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Mary Poovey

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Mary Poovey

Mary Poovey is an American cultural historian and literary critic whose work focuses on the Victorian Era. She is currently Samuel Rudin University Professor in the Humanities at New York University, and Director of the Institute for the History of the Production of Knowledge. Her PhD was from the University of Virginia (1976). Poovey has taught at Johns Hopkins University, Swarthmore College, and Yale University.[1]


  • Proper women 1
  • Feminist readings 2
  • Works 3
  • References 4
  • External links 5

Proper women

In 1984 Poovery published The proper lady and the woman writer : ideology as style in the works of Mary Wollstonecraft, Mary Shelley, and Jane Austen. Her book is based around the idea of a "Proper Lady" and she looks at the difficulties that these three important authors had in breaking free from this mould.[2]

Feminist readings

Poovey has been recognised as important in the work that she has done in feminist reading. She has looked at how the growth of women writing was a device for seeing their voices emerge.[3]

Poovey conducted a public re-evaluation in 1999 at the British Women Writers Conference as a theoretical exercise of a writers work. Poovey re-read the works of Ellen Pickering and decided that they were not worth reviving. This novelist's works had been popular in the 19th century but she considered the books to be over-complicated and lacking in innovation. She concluded that the only reason to re-read works like this was to confirm that the books that we had chosen to remember. like Jane Eyre and Mary Barton, are the best of their type.[4] Poovey used her re-reading of Pickering's novels to argue that not all writers need to be revived into the literary canon. Tamara Wagner went on to argue that this shows that we need to debunk our "history of reading these texts back from reality"?[4]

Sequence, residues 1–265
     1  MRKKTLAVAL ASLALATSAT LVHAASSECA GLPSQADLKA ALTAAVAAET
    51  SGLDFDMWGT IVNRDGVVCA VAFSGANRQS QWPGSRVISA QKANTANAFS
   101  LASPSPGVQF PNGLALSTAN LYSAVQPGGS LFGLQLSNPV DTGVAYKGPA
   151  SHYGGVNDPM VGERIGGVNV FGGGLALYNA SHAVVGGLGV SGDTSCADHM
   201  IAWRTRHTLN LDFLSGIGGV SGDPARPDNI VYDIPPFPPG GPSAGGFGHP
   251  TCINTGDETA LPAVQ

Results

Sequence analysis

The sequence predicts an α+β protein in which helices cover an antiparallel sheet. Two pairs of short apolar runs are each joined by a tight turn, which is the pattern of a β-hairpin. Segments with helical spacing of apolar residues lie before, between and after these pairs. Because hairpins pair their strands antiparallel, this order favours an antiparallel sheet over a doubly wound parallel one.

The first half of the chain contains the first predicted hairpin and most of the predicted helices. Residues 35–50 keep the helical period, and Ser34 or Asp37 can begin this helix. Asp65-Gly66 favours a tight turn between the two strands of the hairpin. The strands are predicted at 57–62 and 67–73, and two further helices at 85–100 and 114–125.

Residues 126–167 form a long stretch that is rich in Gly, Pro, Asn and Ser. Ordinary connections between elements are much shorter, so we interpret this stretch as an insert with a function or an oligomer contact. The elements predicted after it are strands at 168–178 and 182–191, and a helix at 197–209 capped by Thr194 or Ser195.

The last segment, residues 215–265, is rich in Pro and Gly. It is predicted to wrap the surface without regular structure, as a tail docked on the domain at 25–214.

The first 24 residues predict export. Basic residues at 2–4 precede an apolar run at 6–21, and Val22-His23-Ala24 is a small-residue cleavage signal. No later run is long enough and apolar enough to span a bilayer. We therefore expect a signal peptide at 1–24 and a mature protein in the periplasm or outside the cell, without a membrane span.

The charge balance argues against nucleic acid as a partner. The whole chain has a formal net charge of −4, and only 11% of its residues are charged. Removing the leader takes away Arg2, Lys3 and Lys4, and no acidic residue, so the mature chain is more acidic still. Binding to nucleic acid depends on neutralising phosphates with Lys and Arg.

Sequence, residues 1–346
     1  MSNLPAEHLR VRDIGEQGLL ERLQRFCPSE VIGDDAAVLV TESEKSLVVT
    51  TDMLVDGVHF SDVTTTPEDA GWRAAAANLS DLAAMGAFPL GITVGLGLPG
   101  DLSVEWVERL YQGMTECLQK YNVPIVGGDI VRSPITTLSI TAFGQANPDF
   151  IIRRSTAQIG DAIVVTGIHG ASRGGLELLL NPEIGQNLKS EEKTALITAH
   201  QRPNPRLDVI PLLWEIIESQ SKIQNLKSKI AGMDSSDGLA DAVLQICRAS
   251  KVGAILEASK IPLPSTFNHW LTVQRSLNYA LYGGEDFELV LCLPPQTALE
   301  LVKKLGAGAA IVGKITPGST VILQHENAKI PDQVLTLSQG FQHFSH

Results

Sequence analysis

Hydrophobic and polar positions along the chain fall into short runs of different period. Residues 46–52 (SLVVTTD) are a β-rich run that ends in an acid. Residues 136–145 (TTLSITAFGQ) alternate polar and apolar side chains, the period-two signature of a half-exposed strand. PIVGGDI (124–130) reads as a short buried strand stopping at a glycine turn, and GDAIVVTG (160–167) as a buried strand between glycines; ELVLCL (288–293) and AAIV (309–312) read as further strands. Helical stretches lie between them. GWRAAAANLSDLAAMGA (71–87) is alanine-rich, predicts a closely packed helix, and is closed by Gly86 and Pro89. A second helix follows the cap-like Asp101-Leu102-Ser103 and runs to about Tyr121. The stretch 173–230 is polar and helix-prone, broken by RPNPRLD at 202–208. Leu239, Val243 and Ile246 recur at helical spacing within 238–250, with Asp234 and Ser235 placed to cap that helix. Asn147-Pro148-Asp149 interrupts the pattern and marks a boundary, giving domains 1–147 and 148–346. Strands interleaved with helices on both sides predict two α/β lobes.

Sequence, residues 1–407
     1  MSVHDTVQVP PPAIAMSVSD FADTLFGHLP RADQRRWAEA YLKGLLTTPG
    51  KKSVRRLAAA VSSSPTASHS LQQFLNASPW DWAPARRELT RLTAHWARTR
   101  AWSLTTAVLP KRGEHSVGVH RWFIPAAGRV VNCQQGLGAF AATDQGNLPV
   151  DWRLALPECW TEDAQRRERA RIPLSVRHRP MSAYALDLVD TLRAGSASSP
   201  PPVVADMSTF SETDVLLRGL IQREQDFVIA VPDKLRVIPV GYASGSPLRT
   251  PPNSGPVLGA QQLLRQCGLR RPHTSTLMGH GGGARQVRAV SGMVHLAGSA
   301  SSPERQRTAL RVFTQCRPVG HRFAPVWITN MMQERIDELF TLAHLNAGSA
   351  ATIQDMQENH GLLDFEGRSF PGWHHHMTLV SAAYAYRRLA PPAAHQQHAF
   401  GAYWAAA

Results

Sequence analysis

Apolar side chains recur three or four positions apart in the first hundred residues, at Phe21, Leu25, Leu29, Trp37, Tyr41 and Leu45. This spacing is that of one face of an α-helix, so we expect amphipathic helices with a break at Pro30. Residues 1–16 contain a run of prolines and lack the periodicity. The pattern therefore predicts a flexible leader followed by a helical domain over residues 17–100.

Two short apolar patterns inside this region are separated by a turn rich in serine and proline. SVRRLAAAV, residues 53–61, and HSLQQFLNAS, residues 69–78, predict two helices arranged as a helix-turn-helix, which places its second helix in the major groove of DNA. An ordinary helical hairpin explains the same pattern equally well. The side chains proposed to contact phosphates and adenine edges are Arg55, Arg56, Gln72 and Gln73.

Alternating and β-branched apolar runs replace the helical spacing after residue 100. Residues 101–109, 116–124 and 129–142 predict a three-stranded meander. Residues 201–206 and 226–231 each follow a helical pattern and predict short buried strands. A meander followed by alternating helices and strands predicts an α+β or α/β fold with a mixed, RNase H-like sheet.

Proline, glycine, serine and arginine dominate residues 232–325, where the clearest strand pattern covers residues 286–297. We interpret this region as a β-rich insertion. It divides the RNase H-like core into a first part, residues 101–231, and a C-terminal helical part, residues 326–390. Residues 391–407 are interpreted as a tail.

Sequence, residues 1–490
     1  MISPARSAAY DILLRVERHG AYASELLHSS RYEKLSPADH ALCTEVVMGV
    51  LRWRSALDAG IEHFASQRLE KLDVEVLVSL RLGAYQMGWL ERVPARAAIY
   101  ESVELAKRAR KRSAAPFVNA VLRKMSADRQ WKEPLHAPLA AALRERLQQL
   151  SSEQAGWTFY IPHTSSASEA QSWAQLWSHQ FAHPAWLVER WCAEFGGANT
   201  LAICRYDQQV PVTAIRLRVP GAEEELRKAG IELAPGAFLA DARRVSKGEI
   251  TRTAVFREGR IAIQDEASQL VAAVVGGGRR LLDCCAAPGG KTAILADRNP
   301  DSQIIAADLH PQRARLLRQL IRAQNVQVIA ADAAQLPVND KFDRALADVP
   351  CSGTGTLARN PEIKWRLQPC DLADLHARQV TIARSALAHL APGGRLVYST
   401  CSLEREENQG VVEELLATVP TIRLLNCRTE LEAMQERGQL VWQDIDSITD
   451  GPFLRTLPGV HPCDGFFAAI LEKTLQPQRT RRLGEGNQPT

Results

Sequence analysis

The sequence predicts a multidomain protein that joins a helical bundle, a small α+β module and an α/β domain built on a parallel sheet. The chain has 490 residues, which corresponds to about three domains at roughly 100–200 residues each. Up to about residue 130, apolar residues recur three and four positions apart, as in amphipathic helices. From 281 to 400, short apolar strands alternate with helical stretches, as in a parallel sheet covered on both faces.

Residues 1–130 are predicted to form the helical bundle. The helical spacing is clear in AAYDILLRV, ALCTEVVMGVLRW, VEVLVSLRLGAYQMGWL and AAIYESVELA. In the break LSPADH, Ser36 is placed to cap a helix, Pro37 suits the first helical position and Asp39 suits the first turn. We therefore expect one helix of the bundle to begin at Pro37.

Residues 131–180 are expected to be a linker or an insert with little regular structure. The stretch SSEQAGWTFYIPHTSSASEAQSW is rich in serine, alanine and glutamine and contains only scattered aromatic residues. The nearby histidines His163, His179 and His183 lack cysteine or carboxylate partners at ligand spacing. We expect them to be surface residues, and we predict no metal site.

Her books include:

  • Proper Lady and the Woman Writer]. Chicago: U Chicago P, 1984.[2]
  • Uneven Developments: The Ideological Work of Gender in Mid-Victorian England. Chicago: U Chicago P, 1989
  • Florence Nightingale: Cassandra and other Selections from Suggestions For Thought. London: Pickering, 1991.
  • Making a Social Body: British Cultural Formation, 1830-1864. Chicago: U Chicago P, 1995.
  • A History of the Modern Fact: Problems of Knowledge in the Sciences of Wealth and Society. Chicago: U Chicago P, 1998.
  • The Financial System in Nineteenth-Century Britain. Oxford: Oxford University Press, 2002.
  • Genres of the Credit Economy: Mediating value in Eighteenth and Nineteenth-Century Britain. Chicago: U Chicago P, 2008


  1. ^ Mary Poovey, homepage at NYU
  2. ^ a b Poovey, Mary (1985). The proper lady and the woman writer : ideology as style in the works of Mary Wollstonecraft, Mary Shelley, and Jane Austen (Pbk. ed.). Chicago: University of Chicago Press.  
  3. ^ Handler, Richard; Segal, Daniel (1999). Jane Austen and the fiction of culture : an essay on the narration of social realities (Updated ed.). Lanham, Md.: Rowman & Littlefield. p. 14.  
  4. ^ a b Wagner, Tamara. Antifeminism and the Victorian Novel. p. 25.  

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